Egyptian statuette spins untouched inside glass case
It sounds like something from the script of a Hollywood action adventure. But the 'mystery of the moving mummy' -- which has seen an Egyptian statue...
It sounds like something from the script of a Hollywood action adventure. But the "mystery of the moving mummy" -- which has seen an Egyptian statue mysteriously start to spin round in a display case -- has spooked museum bosses. The 10-inch tall relic, an offering to the Egyptian God Osiris, was found in a mummy's tomb and has been at the Manchester Museum for 80 years. But in recent weeks, curators have been left scratching their heads after they kept finding it facing the wrong way. They now believe there could be a "spiritual explanation" for the turning statue.
It is believed that there is a curse of the Pharaohs which strikes anyone who dares to take relics from a pyramid tomb. Experts decided to monitor the room on time-lapse video and were astonished to see it clearly show the statuette spinning 180 degrees - with nobody going near it. The statue of a man named Neb-Senu is seen to remain still at night but slowly rotate round during the day.
Now scientists are trying to explain the phenomenon, with TV physicist Brian Cox among the experts being consulted. Scientists who explored the Egyptian tombs in the 1920s were popularly believed to be struck by a "curse of the Pharaohs". Now Campbell Price, a curator at the museum on Oxford Road, said he believes there may be a spiritual explanation to the spinning statue. Egyptologist Price, said: "I noticed one day that it had turned around. I thought it was strange because it is in a case and I am the only one who has a key. I put it back but then the next day it had moved again.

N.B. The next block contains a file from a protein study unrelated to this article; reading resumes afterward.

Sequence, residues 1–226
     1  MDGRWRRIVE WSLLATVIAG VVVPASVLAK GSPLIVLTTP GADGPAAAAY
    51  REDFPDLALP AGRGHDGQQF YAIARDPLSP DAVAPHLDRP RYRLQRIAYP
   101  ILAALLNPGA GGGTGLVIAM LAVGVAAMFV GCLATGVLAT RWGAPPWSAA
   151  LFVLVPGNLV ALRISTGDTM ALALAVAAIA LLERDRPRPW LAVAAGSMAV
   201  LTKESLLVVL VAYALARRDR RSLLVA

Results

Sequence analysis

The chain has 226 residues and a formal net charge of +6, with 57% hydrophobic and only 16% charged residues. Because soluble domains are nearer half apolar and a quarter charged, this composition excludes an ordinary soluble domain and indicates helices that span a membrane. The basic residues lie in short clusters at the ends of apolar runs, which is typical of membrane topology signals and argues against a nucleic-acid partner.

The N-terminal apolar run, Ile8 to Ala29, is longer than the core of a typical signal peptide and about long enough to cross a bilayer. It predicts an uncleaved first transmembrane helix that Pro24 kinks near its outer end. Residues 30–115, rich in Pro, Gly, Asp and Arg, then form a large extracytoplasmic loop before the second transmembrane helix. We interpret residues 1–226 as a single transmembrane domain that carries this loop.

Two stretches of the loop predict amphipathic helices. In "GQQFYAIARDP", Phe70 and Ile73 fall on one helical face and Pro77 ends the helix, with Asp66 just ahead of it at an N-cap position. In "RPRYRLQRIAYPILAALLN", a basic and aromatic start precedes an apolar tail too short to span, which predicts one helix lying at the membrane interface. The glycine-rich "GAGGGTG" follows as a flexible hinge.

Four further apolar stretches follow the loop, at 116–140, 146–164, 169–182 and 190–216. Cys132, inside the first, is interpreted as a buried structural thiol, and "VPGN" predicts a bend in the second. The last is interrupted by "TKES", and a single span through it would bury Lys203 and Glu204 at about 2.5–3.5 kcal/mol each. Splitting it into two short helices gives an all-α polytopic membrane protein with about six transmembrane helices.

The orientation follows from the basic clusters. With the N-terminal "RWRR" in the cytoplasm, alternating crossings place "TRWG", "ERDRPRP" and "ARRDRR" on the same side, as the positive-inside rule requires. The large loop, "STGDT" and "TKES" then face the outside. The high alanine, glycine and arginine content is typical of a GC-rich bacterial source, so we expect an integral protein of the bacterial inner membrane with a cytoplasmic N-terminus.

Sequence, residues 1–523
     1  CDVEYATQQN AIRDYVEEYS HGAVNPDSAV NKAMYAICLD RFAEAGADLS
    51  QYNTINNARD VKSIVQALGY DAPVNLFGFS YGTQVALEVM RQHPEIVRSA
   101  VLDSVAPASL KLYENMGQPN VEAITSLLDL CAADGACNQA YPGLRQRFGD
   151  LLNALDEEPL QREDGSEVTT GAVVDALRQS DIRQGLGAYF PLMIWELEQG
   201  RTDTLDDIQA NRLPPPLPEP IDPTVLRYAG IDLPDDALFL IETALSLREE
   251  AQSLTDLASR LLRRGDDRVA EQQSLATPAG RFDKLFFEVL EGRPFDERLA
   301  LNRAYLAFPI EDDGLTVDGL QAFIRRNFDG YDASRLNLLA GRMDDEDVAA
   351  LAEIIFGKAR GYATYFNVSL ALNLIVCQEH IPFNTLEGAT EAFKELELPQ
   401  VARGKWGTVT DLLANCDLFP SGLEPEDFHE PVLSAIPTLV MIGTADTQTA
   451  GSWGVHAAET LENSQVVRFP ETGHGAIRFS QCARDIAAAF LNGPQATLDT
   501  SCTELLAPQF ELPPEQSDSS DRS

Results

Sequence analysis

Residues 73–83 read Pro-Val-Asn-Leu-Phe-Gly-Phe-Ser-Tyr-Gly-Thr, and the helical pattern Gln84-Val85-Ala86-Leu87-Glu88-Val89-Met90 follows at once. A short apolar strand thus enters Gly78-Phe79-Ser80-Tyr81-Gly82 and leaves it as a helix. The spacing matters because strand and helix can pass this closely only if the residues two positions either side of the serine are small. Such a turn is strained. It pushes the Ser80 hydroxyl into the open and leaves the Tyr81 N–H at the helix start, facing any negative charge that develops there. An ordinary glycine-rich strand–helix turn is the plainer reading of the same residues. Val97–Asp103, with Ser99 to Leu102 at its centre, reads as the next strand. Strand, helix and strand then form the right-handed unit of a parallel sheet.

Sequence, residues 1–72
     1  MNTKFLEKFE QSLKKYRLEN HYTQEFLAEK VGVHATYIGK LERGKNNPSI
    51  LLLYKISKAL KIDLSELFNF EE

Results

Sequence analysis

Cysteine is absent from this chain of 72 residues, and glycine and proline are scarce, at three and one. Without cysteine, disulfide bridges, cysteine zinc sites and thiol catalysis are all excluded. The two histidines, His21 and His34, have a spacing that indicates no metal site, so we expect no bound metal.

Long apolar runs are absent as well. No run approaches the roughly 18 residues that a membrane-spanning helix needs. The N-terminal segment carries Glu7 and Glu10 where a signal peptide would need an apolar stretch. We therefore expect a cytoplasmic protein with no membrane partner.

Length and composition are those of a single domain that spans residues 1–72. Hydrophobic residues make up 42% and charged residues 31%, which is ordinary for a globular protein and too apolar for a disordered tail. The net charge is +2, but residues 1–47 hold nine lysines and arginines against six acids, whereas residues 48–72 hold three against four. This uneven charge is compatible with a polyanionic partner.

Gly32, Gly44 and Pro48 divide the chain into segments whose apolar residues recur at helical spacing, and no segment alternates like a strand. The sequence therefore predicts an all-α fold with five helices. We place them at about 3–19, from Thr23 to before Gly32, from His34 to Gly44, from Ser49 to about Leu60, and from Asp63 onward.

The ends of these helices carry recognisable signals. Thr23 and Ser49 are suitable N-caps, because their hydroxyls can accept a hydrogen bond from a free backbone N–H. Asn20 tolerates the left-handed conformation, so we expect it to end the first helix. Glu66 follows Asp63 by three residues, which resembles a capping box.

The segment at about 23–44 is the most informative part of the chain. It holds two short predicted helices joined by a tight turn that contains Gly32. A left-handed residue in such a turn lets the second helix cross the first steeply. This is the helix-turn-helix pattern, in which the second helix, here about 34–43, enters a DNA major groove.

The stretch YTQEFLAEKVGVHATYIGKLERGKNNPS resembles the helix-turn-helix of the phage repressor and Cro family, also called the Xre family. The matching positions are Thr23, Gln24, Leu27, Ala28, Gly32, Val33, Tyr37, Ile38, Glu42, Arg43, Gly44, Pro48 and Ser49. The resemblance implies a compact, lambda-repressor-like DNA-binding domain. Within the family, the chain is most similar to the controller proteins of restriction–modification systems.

"We set up a time-lapse video and, although the naked eye can't see it, you can clearly see it rotate on the film. The statuette is something that used to go in the tomb along with the mummy. Mourners would lay offerings at its feet. The hieroglyphics on the back ask for 'bread, beer and beef.' "In ancient Egypt they believed that if the mummy is destroyed, then the statuette can act as an alternative vessel for the spirit. Maybe that is what is causing the movement." Other experts have a more rational explanation - suggesting that the vibrations caused by the footsteps of passing visitors makes the statuette turn.
That's the theory favoured by Professor Cox - but Campbell said he was not convinced. "Brian thinks it's differential friction," he said, "where two surfaces, the serpentine stone of the statuette and glass shelf it is on, cause a subtle vibration which is making the statuette turn. But it has been on those surfaces since we have had it and it has never moved before. And why would it go around in a perfect circle?'
Campbell is urging members of the public to come along and take a look for themselves. "It would be great if someone could solve the mystery," he added.